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G. I. Joe

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G.I. Joe is a military-themed doll made by Hasbro Corp. The name is taken from a 1945 movie, The Story of G.I. Joe[?], about war correspondent Ernie Pyle in World War II.

G.I. Joes represent characters of all branches of the United States military, both male and female, to fight against their "enemy", the Cobras, also produced by Hasbro and marketed under the G.I. Joe brand.

History Seeing the market success of the Barbie doll, Hasbro thought it needed to have an a action figure with whom boys could relate. Because of that, in 1964, they launched the G.I. Joe brand, named after the aforementioned movie. At that time, the G.I. Joe figures were about the size of the Barbie dolls.

In 1967, G.I, Joe talking figures were introduced.

In 1969, soldiers of international armed forces joined the G.I. Joe line up, and Hasbro decided that the entire toy line will be named G.I. Joe. By 1974, the Kung Fu fever had arrived in the United States, so G.I. Joes started to be produced with a "kung fu grip."

In 1975, a bionic warrior figure named Atomic Man sold over one million copies. In 1976, The Intruders, a line of outer space arch rivals, was introduced.

In 1978, the petroleum crisis directly affected G.I. Joes. Since the toy is produced with plastic and petroleum is a major component in the manufacture of plastic, the cost of producing the toy rose substantially, so Hasbro decided to discontinue it.

This was only for a short period, however, as G.I. Joes made a comeback in 1982. The new figures were downsized, being produced at about the size of Star Wars action figures. This was the beginning of the 1980s G.I. Joe frenzy that would eventually lead to the production of posters[?], t-shirts, video games, board games, kites, video movies[?], and even a cartoon series based on the characters. In 1983, DESTRO was introduced as one of the first characters at the service of the Cobra Commander.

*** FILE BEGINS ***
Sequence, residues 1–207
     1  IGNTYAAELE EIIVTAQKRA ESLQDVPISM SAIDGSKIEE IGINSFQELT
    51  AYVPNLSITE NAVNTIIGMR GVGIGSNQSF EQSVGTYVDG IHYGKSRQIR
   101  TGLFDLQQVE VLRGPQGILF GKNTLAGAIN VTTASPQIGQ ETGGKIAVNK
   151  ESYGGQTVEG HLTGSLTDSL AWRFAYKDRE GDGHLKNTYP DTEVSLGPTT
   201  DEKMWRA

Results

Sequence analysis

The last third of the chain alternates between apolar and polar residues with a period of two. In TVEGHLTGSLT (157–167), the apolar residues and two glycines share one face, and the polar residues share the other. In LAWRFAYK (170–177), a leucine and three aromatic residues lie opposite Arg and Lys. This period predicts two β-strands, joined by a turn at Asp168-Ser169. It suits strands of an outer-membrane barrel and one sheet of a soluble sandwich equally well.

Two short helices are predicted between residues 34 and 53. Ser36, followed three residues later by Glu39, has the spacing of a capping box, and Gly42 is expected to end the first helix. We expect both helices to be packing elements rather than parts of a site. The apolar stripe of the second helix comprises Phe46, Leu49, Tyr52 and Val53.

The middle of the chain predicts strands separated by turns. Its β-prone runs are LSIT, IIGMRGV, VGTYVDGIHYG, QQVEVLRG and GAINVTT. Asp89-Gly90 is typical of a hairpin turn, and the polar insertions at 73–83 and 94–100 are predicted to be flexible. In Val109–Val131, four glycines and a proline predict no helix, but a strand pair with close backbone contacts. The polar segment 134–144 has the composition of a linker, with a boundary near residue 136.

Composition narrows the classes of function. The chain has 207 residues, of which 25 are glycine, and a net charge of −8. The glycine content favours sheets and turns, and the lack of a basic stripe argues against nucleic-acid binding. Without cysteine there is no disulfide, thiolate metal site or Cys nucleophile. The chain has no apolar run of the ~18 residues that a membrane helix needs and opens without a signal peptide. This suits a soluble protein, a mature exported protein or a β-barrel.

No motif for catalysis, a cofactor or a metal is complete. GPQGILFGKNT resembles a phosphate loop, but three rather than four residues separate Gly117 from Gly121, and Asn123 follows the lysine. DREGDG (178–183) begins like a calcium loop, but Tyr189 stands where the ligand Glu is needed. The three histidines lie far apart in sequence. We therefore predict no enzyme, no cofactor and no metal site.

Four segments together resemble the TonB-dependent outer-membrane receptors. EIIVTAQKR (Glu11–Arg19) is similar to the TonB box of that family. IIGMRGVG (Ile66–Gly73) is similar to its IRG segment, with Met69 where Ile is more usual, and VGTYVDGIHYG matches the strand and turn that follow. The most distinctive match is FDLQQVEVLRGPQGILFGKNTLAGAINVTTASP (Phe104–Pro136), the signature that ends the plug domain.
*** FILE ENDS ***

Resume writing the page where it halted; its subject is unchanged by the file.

In 1985, both Toy & Lamp[?] and Hobby World[?] magazines ranked G.I. Joe as the top-selling American toy.

In 1986, wrestler Sgt. Slaughter became the first real person to join the G.I. Joe forces. Football player William "Refrigerator" Perry followed suit in 1987. In 1988, Battle Force 2000[?] was introduced.

In 1991, the G.I. Joe Ecowarriors line was produced to raise environmental awareness. At this time also, Barbie-sized figures were re-introduced, as part of an exclusive contract with Target stores[?]. In 1992, G.I. Joe joined the war on drugs by introducing the Drug Elimination Force (DEF) line of figures.

In 1993, it was decided to separate all G.I. Joes into separate, themed armies, such as the Hall of Fame Joes, the ones with the original figure size. In 1995, figures were released in a new, 4½-inch tall G.I. Joes size.

In 1996, G.I. Joe Extreme figures were introduced, alongside a comic book. In 1997, G.I. Janes were introduced, the first 12-inch female dolls in the G.I. Joe line-up since 1967. This doll is a helicopter pilot.

In 2000, a Navajo Code Talker was introduced, the first G.I. Joe talking figure since the 1970s. The figures include a toy bomb that detonates if handled incorrectly.

In 2001, G.I. Joe honored the soldiers of Pearl Harbor by releasing a line of Pearl Harbor soldiers.

Real Life persons honored with G.I. Joe figures The G.I. Joe brand has honored some real life persons that it deemed as real life heroes, as the G.I. Joe slogan says. Among those:

The character is such a part of the U.S. vernacular that a 1997 movie starring Demi Moore was called G.I. Jane[?].



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